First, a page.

In spite of the explicit rejection of the doctrine of diminished responsibility, the appellant in the present case feels that the rationale of McCusker logically extended compels the adoption of the concept expressed in that doctrine. He argues that it is anomolous to permit consideration of psychiatric testimony to prove that the defendant in a murder charge acted without malice and in the heat of passion, while limiting such evidence in other crimes involving malice. He maintains that according to McCusker evidence of mental abnormality should be evaluated to disprove the element of malice present in two of the crimes with which he was charged: assault with intent to maim and aggravated assault and battery. If it could be proven that he acted without malice in committing the acts constituting these crimes, his conviction could be reduced to simple assault and battery. Of course, the other two crimes charged, pointing and discharging a firearm and violation of the Uniform Firearms Act, having no elements of malice, would remain unaffected. This argument is based on a misunderstanding of the term 'malice.'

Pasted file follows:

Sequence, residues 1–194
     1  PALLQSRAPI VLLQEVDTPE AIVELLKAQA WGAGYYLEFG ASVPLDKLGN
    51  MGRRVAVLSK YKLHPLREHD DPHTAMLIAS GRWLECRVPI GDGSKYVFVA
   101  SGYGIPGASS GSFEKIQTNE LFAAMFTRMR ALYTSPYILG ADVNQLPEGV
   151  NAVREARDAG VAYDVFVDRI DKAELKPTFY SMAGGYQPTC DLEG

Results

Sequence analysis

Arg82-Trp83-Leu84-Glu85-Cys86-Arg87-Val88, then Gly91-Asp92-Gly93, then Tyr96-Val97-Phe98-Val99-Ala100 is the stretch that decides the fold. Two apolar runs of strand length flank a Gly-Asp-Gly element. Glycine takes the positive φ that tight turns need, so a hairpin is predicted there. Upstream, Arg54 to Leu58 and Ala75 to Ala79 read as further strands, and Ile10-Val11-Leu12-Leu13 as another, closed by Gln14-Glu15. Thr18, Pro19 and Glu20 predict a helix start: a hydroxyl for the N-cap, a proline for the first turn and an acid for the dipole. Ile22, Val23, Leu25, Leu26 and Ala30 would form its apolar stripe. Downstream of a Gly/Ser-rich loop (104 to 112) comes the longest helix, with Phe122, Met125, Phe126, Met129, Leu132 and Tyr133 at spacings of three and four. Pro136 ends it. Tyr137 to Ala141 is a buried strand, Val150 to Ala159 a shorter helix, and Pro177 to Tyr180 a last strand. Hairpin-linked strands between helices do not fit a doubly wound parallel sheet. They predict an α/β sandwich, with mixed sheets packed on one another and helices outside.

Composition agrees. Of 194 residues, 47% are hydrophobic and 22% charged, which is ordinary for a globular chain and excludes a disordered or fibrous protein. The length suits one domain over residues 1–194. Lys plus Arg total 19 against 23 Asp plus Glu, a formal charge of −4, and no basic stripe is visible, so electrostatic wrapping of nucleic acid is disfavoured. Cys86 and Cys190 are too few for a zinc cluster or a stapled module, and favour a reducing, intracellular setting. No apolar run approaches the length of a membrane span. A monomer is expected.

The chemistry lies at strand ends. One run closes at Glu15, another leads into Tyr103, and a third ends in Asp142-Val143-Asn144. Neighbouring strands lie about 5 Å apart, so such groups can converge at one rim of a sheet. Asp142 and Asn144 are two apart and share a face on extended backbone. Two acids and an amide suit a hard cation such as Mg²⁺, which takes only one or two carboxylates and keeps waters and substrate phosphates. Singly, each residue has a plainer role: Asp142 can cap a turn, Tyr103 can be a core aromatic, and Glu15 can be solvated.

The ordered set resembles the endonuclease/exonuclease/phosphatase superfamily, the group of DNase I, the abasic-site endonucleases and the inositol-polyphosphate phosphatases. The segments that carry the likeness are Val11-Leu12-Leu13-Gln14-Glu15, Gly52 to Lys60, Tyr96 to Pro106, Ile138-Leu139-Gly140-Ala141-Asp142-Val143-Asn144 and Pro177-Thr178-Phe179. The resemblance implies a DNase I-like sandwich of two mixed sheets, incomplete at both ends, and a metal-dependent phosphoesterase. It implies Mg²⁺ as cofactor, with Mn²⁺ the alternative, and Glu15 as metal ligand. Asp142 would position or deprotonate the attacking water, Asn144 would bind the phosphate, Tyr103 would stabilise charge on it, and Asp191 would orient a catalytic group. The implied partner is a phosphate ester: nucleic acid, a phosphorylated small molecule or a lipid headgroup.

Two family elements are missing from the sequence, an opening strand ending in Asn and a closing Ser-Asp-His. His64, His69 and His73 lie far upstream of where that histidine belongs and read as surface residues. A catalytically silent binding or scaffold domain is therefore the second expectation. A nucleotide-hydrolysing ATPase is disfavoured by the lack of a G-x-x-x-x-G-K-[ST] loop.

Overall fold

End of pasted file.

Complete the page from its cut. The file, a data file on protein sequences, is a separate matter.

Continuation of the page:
Malice as it is defined in law is not simply a general description of an actor's frame of mind. It is susceptible to precise...

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  • Com. v. Simms
    • United States
    • Superior Court of Pennsylvania
    • June 21, 1974
    ...324 A.2d 365 228 Pa.Super. 85 COMMONWEALTH of Pennsylvania v. James SIMMS, Appellant. Superior Court of Pennsylvania. June 21, 1974. Page 366 [228 Pa.Super. 87] JACOBS, Judge: On the evening of October 21, 1971, the appellant, James Simms, was involved in an incident in a bar in Pittsburgh ......